50 micrometer thick membrane can absorb oil, swelling to 20 times its weightby Prachi Patel

A thin membranes made from a web of nanowires might become a promising tool for cleaning up oil spills and removing toxic contaminants from groundwater. When dipped into a mixture of water and oil, the 50-micrometer-thick membrane absorbs the oil, swelling to 20 times its weight.

Typically, oil spills are cleaned up using the same basic technology used 20 years ago. This includes using absorbent materials to sop up traces of oil. Natural sorbents such as hay and cellulose can soak up between 3 and 15 times their weight in oil, while synthetic polymer-based sorbents can absorb up to 70 times their weight. But these materials tend to absorb water as well.

TAU scientists create a solar energy device from a plant protein structure

If harnessing the unlimited solar power of the sun were easy, we wouldn't still have the greenhouse gas problem that results from the use of fossil fuel. And while solar energy systems work moderately well in hot desert climates, they are still inefficient and contribute only a small percentage of the general energy demand. A new solution may be coming from an unexpected source — a source that may be on your dinner plate tonight.

Scientists can now listen to a set of solar wind data that’s usually represented visually, as numbers or graphs. University of Michigan researchers have “sonified” the data. They’ve created an acoustic, or musical, representation of it.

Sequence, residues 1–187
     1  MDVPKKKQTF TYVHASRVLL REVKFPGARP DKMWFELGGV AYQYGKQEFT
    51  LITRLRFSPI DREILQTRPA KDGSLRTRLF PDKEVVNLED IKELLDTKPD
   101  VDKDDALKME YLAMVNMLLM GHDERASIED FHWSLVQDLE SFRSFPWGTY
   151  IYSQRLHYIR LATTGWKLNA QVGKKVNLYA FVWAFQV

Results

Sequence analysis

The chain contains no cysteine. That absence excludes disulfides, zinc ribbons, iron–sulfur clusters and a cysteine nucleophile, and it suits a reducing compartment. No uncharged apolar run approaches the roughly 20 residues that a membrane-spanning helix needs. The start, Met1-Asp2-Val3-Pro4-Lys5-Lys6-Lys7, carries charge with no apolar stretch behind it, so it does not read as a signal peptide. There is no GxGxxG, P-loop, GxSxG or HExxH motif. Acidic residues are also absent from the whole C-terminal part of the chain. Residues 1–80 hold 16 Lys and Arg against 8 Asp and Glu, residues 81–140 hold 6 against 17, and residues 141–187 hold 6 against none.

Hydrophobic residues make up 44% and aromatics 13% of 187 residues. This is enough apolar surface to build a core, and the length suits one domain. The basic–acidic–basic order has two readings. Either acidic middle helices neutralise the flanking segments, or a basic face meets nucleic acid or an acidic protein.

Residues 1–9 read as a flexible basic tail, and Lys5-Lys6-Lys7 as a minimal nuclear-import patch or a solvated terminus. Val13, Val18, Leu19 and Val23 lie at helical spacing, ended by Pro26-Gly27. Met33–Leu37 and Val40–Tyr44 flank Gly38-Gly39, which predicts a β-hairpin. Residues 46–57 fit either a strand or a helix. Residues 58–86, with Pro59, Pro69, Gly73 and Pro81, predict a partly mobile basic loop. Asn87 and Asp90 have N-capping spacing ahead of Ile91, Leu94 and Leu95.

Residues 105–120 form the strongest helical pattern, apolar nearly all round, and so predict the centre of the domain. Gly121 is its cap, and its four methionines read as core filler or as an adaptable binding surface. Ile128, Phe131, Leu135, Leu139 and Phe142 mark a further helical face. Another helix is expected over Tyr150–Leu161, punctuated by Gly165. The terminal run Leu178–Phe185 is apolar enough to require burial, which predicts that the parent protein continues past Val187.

The researchers’ primary goal was to try to hear information that their eyes might have missed in solar wind speed and particle density data gathered by NASA’s Advanced Composition Explorer satellite. The solar wind is a stream of charged particles emanating from the sun.

Avni Argun and Paula Hammondby David l. Chandler

Layer-by-layer assembly system could lead to improved fuel cells, batteries and solar panels

A team of researchers at MIT and Pennsylvania State University has been developing a new method for producing novel kinds of membranes that could have improved properties for batteries, fuel cells and other energy conversion and storage applications.

In an advance that might interest Q-Branch, the gadget makers for James Bond, the National Institute of Standards and Technology (NIST) and partners from industry and academia have designed and tested experimental antennas that are highly efficient and yet a fraction of the size of standard antenna systems with comparable properties. The novel antennas may be useful in ever-shrinking and proliferating wireless systems such as emergency communications devices, micro-sensors and portable ground-penetrating radars to search for tunnels, caverns and other geophysical features.

by David L. Chandler

Harvesting electricity from small temperature differences could enable a new generation of electronic devices that don’t need batteries

It can be inconvenient to replace batteries in devices that need to work over long periods of time. Doctors might have to get beneath a patient’s skin to replace batteries for implanted biomedical monitoring or treatment systems. Batteries used in devices that monitor machinery, infrastructure or industrial installations may be crammed into hard-to-reach nooks or distributed over wide areas that are often difficult to access.

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This news service is provided by Good Samaritan Institute, located in Santa Rosa Beach, Florida.

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